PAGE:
and a jolly little play, "Saynctte; Le
petit Avengle", the characters being
interpreted very successfully by J.
Rev. E. T. Cray, Brandon; Rev.
A. J. Laveer, Hardwickj Rev. L. J.
A. Doucet, Manchester; Rev. D. C.
Ling, Keene, N. H.; Rev. B. W. Mc
McMahon, Pittsford; Rev. B. A. Bar
ny, Randolf; Rev. C. D. Trottier, St.
Hyancmthe, P. Q., Kev. R. E. Blais,
Newport; Rev. G. A. Dane, Sheldon
springs; Rev. J. P. Cournoyer, New
Haven, Conn., Kcv. J. Lavigne, Rich
lord; Kev. C. E. Prevost.Bennington
Rev. G. M. Hagan, East Albany; Rev,
r. J. Long, Montpelier
The Right Rev. J. J. Rice of Bur
lington, the bishop of Vermont, and
other notables of the church arrived
All the services of the church are
being attended by capacity congrega
tions. The sermon at the high mass
by Jubilarian at 10 o clock Wednes
day was by Rev. E. Salmon, S. S. E.,
of St. Michael's College, Winooski,
and the special music was by the full
church choir with orchestra under the
direction of Mr. Raoul Provencal.
At 12.30 Wednesday a jubilee ban-
GIRLS' COMMUNITY LEAGUE
Towaklia Campfire met at the club
house Wednesday after school to wet
acquainted with Mr3. Downes and
lay plans for future activities
Dorothy Spencer acted as troop
leader at the scout i meetine Thurs
day--afternoon. Volley ball and folk
dancing were the order of the day.
There were 15 girls present and
two absent but accounted for.
The Square Circle held, the last
of its summer series of social even
ings Thursday. Miss Gertrude Menut
told the fortunes of those present to
rhe satisfaction and merriment of all.
How did she get the information
about a li-rht man, we wonder? The
hostess, Miss Florence Young, served
tea. For the next six weeks Tuesday
and Thursday will be reserved for in
dustrial classes. Snuare Circle dates
will be announced later.
Since I disappointed
the people of St. Johns
bury and outside towns
by not receiving my car
load last week, as it had
by mistake gone to Bos
ton and sold out there
while I was looking for
the car at St. Johnsbury
I felt it was up to me to
duplicate the car of
fruit. I have been in
western New York and
bought two carloads
for St. Johnsbury, one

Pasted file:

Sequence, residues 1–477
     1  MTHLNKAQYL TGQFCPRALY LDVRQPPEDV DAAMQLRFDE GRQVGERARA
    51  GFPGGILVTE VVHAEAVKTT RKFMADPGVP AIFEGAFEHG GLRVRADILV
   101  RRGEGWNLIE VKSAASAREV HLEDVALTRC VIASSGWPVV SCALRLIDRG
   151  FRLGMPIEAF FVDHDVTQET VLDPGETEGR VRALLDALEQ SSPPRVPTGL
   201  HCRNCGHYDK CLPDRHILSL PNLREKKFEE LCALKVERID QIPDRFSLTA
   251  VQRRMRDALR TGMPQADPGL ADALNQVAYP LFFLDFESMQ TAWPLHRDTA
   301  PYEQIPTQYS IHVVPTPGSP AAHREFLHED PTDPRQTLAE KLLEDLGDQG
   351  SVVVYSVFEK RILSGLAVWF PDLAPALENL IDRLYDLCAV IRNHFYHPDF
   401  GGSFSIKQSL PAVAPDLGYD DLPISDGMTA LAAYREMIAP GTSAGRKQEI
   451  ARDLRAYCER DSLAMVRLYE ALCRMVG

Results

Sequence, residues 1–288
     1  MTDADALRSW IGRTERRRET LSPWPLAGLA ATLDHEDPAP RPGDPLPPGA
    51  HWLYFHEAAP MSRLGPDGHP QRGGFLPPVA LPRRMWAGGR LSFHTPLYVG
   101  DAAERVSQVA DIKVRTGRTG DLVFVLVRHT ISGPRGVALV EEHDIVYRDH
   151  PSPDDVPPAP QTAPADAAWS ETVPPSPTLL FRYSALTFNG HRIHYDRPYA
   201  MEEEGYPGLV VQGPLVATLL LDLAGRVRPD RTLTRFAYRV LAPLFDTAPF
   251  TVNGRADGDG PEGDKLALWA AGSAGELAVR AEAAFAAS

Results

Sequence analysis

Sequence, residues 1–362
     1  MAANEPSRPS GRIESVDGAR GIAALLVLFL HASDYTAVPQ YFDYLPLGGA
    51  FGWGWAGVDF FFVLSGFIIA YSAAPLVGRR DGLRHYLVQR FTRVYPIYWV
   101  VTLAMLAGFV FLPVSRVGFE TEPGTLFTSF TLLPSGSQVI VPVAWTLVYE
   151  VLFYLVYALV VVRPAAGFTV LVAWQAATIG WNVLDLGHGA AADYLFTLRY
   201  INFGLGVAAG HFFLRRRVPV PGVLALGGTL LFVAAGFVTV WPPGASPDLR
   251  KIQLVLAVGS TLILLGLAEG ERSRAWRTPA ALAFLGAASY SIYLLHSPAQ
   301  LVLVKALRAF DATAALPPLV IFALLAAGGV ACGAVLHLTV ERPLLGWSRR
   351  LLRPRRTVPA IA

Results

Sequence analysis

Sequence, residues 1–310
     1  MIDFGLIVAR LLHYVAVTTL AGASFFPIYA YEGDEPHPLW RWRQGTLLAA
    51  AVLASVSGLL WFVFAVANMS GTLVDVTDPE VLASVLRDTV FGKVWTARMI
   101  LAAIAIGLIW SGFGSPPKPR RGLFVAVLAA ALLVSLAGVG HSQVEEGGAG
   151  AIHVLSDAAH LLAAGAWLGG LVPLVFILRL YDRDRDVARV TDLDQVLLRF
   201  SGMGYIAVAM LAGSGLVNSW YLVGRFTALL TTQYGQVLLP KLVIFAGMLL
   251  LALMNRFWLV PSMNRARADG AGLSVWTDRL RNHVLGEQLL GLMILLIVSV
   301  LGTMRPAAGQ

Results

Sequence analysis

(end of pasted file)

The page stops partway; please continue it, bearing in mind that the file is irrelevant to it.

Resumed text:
of them Elberta Peach
es and Pears, also one of
Lake Ontario Apples
and Prunes. This car
of apples will be in St.
Johnsbury about the
last of the week and the
Peaches and Pears will
be here at the same
There will be Fam
euse, Baldwins, Green
ings, King's 20, oz., Pip
pins, etc. Joseph Boyn
ton will be with the car
to sell the fruit.
for Boynton Fruit Co.
NOTRE DAME CHURCH
ST. JOHNSBURY HOSPITAL
A. Provost, E. Dumas, L. Sevigny, H.
Trcmblay. All the parts were well
played and reflected much credit on
the ability of the young actors.
A delightful feature of the even
ing's program, if anyone part could
be singled out ' for special mention
was the welcome address and presen
tation of a beautiful floral tribute to
Fr. Drouhin, the reminiscences, the
presentation of $25 in gold by the
bovs of St. Gabriel school, the pres
entation of $30 in gold by the girls of
Mt. St. Joseph Academy and the
presentation of $75 in gold by the
members of the boys' choir and the
altar boys of the church. To these
presentations, Fr. Drouhin very grac
iously responded. The exercises were
thoroughly enjoyed by a large audi
ence. Wednesday was silver jubilee day.
Among the visiting clergy are:
Rev. C. Prevost, Burlington; Rev.
P. J. Barrett, Troy, N. Y.; Rev. T.
J. Devoy, Manchester, N. H ; Rev. U.
O. Bellerose, Taftville; Rev. James
P. Rand, Brattleboro; Rev. T. .1.
Leonard, Middlebury; Rev. J.' J. Cul
lion, West Rutland: J. G. Leclerc,
Berlin, N. H. ; Rev. W. Jeanmarie. St.
Michael's College, Winooski; Rev.
Charles F. Ragan, Burlington, chan
cellor of the Vermont Diocese; Lud
ger Marccau, Barton; Rev. John M.
Kennedy, Ludlow; Rev. L. A. Vezi
na, Vergcnnes; Rev. D. Carries. Bak
ersfield: Rev. E. Salmon, S. S. E.,
Winooski; Rev. E. Total, S. E. E.,
Swanton; Rev. John B. McGarrv,
Winooski: Rev. N. E. Archambaulf,